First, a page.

Lara Strongman

Commentary
Laurence Aberhart

Laurence Aberhart

New Zealand artist Laurence Aberhart is internationally regarded for his photographs of unpeopled landscapes and interiors. He photographs places redolent with the weight of time, which he captures with his century-old large-format camera and careful framing. But he’s always taken more spontaneous photographs of people too, particularly in the years he lived in Christchurch and Lyttelton (1975–83) when he photographed his young family, his friends and occasionally groups of strangers. ‘If I lived in a city again,’ he says, ‘I would photograph people. One of the issues is that I even find it difficult to ask people whether I can photograph a building, so to ask to photograph them – I’m very reticent. I also know that after a number of minutes of waiting for me to set cameras up and take exposure readings and so on, people can get rather annoyed. So it’s not a conscious thing, it’s more just an accident of the way I photograph.’

Commentary
Your Hotel Brain

Your Hotel Brain

We recently opened a new collection-based exhibition, Your Hotel Brain. Curated by Lara Strongman, it focuses on the cohort of New Zealand artists who came to national – and in some cases international – prominence in the 1990s. The title of the exhibition is a phrase drawn from Don DeLillo’s epic novel, Underworld, published in 1997. It gestures towards the way that pieces of information float through your mind, checking in and out, everything demanding attention, everything happening all at once – a metaphor for postmodernism in the 1990s and for the increasing slippage of context in the digital era. The 1990s were a time of great social and cultural change in Aotearoa New Zealand, set against a broader backdrop of globalisation and the rise of digital technologies. Artists, as ever, registered these cultural shifts early. We asked a number of people who were working in the arts at the time to recall their experiences of the 1990s.

Notes
Underworld 2 by Tony de Lautour

Underworld 2 by Tony de Lautour

This article first appeared as 'Painting offers a multiverse of symbols' in The Press on 21 June 2017. 

Notes
Your Hotel Brain

Your Hotel Brain

This week we've been installing a new collection exhibition, Your Hotel Brain. It replaces curator Ken Hall's elegant meditation on architecture and memory, Above Ground, in the contemporary collection galleries.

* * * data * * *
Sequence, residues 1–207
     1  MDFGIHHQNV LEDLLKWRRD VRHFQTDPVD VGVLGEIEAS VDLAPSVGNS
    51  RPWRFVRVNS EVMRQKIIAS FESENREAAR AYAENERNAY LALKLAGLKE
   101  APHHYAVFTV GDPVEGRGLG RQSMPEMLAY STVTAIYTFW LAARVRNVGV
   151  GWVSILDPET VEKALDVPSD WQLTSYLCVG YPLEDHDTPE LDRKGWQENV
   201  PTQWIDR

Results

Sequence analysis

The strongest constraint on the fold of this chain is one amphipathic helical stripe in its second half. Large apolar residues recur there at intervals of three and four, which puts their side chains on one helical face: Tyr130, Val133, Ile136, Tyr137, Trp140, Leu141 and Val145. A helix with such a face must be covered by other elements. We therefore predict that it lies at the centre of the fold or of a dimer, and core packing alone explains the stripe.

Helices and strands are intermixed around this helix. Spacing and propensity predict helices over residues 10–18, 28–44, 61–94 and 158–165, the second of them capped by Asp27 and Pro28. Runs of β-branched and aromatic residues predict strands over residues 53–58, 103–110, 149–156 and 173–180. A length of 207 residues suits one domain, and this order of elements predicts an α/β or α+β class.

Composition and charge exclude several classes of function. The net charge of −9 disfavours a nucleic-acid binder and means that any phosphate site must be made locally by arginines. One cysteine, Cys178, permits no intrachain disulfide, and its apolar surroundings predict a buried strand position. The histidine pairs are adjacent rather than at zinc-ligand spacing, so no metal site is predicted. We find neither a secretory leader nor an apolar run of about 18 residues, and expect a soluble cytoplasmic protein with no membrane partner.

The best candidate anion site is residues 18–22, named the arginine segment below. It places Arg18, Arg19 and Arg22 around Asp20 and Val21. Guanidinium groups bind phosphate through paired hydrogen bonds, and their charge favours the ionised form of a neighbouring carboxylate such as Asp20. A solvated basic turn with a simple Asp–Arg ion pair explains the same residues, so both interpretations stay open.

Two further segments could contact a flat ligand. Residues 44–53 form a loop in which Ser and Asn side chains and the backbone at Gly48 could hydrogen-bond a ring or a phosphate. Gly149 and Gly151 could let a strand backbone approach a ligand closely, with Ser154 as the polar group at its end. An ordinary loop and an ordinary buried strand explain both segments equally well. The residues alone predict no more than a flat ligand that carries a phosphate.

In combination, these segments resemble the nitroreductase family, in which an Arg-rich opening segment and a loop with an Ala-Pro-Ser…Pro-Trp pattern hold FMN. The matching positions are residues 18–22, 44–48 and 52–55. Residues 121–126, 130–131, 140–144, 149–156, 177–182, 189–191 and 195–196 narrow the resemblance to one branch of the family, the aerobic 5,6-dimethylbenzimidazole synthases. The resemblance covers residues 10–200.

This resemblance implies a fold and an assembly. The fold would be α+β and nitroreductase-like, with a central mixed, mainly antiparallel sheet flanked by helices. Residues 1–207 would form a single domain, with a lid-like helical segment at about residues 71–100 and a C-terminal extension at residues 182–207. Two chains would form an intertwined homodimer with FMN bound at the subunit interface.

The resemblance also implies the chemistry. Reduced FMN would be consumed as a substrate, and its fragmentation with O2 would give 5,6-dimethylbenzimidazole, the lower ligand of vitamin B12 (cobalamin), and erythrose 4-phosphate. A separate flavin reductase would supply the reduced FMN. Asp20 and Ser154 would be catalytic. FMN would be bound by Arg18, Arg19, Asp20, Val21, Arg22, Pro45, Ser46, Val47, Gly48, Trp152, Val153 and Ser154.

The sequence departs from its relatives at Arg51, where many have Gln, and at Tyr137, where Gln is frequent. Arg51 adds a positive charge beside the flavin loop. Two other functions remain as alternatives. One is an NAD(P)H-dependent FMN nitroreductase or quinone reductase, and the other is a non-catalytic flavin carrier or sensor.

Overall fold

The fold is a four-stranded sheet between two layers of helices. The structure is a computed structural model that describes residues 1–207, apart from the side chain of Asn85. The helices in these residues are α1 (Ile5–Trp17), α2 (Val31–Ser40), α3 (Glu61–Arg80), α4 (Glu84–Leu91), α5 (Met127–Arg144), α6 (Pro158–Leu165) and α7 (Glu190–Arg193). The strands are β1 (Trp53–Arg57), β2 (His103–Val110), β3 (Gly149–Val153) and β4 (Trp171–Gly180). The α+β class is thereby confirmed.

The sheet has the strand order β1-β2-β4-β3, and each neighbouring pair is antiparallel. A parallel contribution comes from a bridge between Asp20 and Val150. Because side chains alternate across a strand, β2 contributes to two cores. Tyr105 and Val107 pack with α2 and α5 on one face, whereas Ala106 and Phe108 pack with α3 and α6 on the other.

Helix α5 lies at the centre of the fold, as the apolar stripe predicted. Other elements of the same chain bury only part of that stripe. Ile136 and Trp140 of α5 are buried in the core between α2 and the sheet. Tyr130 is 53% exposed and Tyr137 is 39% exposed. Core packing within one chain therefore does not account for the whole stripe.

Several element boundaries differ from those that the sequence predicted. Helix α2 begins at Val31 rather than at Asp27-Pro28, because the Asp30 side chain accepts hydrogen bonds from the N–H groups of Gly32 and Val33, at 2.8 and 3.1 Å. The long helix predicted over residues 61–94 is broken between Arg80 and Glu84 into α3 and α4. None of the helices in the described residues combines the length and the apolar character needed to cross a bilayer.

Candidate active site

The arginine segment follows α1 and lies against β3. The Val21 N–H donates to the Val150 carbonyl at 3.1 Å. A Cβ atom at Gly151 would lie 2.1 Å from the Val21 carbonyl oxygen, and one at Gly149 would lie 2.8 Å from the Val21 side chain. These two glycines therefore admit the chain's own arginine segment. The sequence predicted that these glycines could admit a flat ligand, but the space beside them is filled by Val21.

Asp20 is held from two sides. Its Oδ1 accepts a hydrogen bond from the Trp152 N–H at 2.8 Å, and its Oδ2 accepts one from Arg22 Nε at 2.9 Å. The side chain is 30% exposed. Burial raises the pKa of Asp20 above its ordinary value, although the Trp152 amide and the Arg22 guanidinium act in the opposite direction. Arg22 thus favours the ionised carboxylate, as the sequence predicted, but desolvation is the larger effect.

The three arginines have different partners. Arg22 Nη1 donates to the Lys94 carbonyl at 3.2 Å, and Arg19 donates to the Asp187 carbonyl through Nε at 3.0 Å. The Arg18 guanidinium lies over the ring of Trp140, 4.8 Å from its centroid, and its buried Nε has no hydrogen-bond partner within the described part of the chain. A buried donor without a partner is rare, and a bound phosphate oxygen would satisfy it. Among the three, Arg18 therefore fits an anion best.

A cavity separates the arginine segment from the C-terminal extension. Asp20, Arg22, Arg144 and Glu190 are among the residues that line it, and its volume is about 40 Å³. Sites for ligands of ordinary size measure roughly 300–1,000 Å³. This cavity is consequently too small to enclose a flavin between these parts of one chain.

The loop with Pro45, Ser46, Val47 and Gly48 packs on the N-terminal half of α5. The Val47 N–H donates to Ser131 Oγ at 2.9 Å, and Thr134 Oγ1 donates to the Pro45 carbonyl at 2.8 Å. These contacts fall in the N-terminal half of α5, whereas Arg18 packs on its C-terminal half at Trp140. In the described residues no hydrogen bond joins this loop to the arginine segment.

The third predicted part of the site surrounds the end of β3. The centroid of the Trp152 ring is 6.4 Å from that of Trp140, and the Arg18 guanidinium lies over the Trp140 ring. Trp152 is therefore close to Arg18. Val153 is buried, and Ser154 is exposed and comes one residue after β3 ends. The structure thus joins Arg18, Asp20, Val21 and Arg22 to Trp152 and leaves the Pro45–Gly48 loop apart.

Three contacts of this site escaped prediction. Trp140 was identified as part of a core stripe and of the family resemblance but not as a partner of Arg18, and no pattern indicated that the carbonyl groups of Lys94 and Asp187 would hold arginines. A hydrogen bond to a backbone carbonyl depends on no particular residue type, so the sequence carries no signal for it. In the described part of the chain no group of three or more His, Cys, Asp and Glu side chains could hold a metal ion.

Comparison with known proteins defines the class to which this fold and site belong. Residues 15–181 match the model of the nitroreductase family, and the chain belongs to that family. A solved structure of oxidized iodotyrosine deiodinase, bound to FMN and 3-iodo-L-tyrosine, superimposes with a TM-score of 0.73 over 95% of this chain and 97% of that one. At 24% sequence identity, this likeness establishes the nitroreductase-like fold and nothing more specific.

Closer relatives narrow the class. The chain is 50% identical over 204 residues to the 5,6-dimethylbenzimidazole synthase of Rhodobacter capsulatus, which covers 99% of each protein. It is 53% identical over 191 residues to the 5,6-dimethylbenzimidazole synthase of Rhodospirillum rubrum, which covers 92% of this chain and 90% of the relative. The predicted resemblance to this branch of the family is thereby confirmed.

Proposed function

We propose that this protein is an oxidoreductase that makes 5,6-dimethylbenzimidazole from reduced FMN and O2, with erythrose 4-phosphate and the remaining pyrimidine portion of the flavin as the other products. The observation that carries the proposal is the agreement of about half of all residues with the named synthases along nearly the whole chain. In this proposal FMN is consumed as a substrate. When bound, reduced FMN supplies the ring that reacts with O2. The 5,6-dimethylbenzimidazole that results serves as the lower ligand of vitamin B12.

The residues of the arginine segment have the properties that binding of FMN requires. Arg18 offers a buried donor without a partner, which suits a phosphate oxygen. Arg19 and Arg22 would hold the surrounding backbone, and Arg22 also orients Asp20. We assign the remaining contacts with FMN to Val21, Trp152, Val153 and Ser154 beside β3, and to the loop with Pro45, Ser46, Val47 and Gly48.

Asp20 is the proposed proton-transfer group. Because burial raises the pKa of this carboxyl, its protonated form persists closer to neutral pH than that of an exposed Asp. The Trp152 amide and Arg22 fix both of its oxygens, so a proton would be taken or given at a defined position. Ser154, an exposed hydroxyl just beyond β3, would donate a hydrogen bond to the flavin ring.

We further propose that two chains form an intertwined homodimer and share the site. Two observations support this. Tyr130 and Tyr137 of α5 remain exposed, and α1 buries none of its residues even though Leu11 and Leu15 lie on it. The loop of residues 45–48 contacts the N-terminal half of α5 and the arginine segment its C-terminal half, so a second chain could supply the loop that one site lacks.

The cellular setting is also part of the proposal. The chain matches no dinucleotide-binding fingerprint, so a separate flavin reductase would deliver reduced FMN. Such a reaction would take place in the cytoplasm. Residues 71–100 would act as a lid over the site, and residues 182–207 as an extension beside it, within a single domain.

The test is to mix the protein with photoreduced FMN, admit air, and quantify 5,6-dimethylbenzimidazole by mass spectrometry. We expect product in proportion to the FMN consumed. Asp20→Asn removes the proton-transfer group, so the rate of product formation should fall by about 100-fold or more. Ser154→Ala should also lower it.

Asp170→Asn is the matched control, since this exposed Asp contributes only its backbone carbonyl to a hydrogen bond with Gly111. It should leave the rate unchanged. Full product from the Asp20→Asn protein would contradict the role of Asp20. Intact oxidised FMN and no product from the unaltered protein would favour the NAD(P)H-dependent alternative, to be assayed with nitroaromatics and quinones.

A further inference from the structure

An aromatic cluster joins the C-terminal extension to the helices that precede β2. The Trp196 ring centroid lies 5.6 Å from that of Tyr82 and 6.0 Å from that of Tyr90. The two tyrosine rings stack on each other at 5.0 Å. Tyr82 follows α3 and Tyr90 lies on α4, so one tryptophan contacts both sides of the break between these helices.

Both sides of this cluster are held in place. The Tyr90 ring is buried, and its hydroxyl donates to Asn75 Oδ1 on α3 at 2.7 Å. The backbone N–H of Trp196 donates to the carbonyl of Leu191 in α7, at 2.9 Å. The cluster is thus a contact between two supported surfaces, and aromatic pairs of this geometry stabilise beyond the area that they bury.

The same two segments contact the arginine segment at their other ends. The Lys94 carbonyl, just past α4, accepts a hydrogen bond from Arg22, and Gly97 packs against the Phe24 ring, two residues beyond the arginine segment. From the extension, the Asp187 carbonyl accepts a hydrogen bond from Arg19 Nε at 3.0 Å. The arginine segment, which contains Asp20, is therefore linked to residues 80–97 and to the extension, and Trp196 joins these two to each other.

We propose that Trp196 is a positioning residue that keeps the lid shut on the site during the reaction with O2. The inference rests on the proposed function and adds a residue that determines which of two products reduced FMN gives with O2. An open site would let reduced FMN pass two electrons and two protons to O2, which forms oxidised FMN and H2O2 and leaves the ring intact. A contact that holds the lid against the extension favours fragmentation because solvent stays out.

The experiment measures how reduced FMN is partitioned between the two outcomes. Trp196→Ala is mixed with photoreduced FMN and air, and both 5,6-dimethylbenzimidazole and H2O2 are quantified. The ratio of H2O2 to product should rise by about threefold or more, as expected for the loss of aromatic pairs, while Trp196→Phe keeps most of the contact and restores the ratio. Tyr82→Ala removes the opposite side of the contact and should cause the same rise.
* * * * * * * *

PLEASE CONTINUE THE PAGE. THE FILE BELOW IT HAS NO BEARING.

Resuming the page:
Artist Profile
The Devil’s Blind Spot

The Devil’s Blind Spot

Te Puna o Waiwhetu Christchurch Art Gallery has a long-standing tradition of curating exhibitions of emerging and early-career artists. We do this in order to contribute to the ecology of the local art world, as well as because – quite straightforwardly – we’re interested in the practices of artists at all stages of their careers, and would like to bring the work of outstanding younger artists to wider public attention. The Devil’s Blind Spot is the latest in this ongoing series, but unlike earlier exhibitions, it’s concerned with a single medium – photography.

Artist interview
Not Quite Human

Not Quite Human

Lara Strongman: The title of your new work for the Gallery is Quasi. Why did you call it that?

Ronnie van Hout: Initially it was a working title. Because the work would be outside the Gallery, on the roof, I was thinking of Quasimodo, from Victor Hugo’s The Hunchback of Notre-Dame. I was coming out of a show and research around the idea of the freak, the outsider and things that are rejected—thinking about how even things that are rejected have a relationship to whatever they’ve been rejected by. And I called it Quasi, because it’s a human form that’s not quite human as well. The idea of something that resembles a human but is not quite human.

Notes
Untitled (Taylors Mistake) by William Sutton

Untitled (Taylors Mistake) by William Sutton

This article first appeared on Stuff as 'Modernism by motorbike' on 28 June 2016 and as 'Artist stumbled upon striking scenery on morning motorbike rides' in The Press on 30 June 2016.

Notes
Private lodgings by W.A. Sutton

Private lodgings by W.A. Sutton

Private Lodgings is a portrait of a lost Christchurch building that dates most probably from the 1860s.

When Bill Sutton painted it in 1954, it was an increasingly decrepit boarding house, on the corner of Manchester and Southwark streets, just out of the central city - opposite the much more famous Coker's Hotel.

Artist interview
Silent Patterns

Silent Patterns

When we asked Tony de Lautour to produce a new work for the Bunker—the name Gallery staff give to the small, square elevator building at the front of the forecourt on Montreal Street—he proposed a paint scheme inspired by Dazzle camouflage. Associated with the geometric near-abstraction of the vorticist movement, Dazzle was developed by British and American artists during the First World War to disguise shipping. It was a monumental form of camouflage that aimed not to hide the ship but to break up its mass visually and confuse enemies about its speed and direction. In a time before radar and sonar were developed, Dazzle was designed to disorientate German U-boat commanders looking through their periscopes, and protect the merchant fleets.

Senior curator Lara Strongman spoke with Tony de Lautour in late January 2016.

Notes
The House of Wellbeing

The House of Wellbeing

On Saturday, I spoke at the launch of a major new work of art in public space—Wayne Youle's installation The House of Wellbeing ALL WELCOME, at the CPIT Aoraki campus on Madras Street.

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